Once again, the hard work of the band has paid off in not only a great performance but media attention from around the country. The band’s performance drew attention from NBC News, Huffington Post, People, Deadspin, and countless other sources; as of midnight on Thursday over 11 million people had watched the halftime show on Youtube. The attention from this and the Michael Jackson show was so much that NBC’s Today Show sent a reporter to Columbus to find out just how the band does it; the answer was revealed in a 4 minute segment on Wednesday (shown below) and will be continued on the weekend edition of the Today Show this weekend.
Well executed, crowd pleasing animated formations have become a bit of a calling card for the OSUMB in recent years and while the frequency of shows involving animated formations by the band have increased in the past two years, they are not new. Animated formations and picture shows have a long history with the OSUMB, dating back several decades. This Movie Blockbusters show actually has a lot of similarities to the movie themed show that the band did for the Michigan and National Championship games during the 2006 season.
A look at the comments sections on the various articles about the band shows that many people wonder just how much the band must practice to pull off shows like this. Most of those asking this question are honestly curious and are actually meaning it as a sign of respect but of course then you have Michigan fans which came up with the explanation that OSU can put on shows like this because they don’t have an academic program and that the band members can spend all day being drilled like North Koreans (check out post 20 in that thread). We all know that Michigan fans are full of it when they make comments like that about OSU academics and I’ve provided numbers earlier this year to demonstrate OSU’s academic excellence. OSUMB members also do not take it easy on themselves academically and dozens of different majors from all sorts of subject areas are represented in the band; when I was in the band the most common major was engineering.
The OSUMB practices 2 hours each weekday afternoon and have a final rehearsal in the morning before each game; for a noon home game the band will report around 5:30 am for rehearsal. Many college bands around the country have a similar practice schedule so TBDBITL’s excellence cannot be attributed to just practicing more. So just why is the OSUMB so good? A big reason for the band’s success is its history of excellence which band members are very well aware of and seek to uphold. The biggest reason for the band’s success is the level of competition that is infused within the band, starting from tryouts and continuing throughout the season.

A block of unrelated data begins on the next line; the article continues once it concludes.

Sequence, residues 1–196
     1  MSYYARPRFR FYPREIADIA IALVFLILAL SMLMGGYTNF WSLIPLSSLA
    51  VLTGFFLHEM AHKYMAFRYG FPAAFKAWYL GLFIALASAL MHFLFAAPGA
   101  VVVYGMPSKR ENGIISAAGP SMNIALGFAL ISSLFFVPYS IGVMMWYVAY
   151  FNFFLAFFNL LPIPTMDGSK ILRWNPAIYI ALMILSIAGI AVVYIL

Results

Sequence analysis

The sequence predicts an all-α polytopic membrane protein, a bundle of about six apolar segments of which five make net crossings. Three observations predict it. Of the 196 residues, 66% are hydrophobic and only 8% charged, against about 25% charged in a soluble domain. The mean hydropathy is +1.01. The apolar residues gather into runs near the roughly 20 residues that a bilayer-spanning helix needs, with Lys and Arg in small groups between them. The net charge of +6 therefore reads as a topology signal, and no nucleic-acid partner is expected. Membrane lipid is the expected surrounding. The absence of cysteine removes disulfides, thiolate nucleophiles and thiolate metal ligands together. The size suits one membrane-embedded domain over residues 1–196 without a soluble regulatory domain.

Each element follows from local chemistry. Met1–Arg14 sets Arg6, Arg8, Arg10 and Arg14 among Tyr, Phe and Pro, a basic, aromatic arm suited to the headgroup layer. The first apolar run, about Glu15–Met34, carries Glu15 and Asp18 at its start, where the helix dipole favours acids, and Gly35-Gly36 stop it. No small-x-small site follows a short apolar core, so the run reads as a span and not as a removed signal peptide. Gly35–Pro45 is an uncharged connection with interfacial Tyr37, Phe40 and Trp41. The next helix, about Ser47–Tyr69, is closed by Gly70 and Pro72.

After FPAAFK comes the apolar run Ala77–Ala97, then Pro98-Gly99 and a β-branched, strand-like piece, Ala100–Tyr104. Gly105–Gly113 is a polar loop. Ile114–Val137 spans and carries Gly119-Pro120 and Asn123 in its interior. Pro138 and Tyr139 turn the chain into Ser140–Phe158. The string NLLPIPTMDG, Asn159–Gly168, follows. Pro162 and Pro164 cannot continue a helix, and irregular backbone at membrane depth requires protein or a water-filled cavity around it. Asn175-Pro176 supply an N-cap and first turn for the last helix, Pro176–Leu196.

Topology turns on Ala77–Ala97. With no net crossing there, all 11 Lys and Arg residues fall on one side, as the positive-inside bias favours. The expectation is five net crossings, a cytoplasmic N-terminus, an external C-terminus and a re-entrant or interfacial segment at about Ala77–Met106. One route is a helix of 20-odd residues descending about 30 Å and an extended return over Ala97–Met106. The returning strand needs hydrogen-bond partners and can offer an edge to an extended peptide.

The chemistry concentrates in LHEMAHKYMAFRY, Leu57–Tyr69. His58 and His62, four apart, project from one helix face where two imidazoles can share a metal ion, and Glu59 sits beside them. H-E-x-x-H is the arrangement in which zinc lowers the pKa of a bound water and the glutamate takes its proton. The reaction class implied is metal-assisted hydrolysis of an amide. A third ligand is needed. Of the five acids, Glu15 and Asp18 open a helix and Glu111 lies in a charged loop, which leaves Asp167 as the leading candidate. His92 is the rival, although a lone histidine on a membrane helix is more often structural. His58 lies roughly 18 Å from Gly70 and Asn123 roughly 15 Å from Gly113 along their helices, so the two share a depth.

The tryout process for TBDBITL plays a key role in the band achieving the level of excellence that it has become known for. Every member of the band has to try out every year, there are no free passes for veterans, meaning that each year’s band is made up of only the best who try out. Candidates trying out are judged on both their marching and their playing, having to perform each aspect separately and together, ensuring that members are highly skilled in both areas. The fact that the OSUMB is smaller than the average division I-A college band, having only 225 members, also helps with the standard of excellence as it allows the band directors to be more selective when it comes to choosing who makes the band. The combination of a highly selective tryout process and having to compete with veterans for spots pushes new candidates to work even harder over the summer to prepare for their tryouts which in turns pushes veterans to work harder in order to retain their spots. This desire to put time and effort into preparing for tryouts has helped to spawn organized summer practice sessions to occur on campus every Tuesday and Thursday during the summer, further pushing up the level of competition that occurs at tryouts.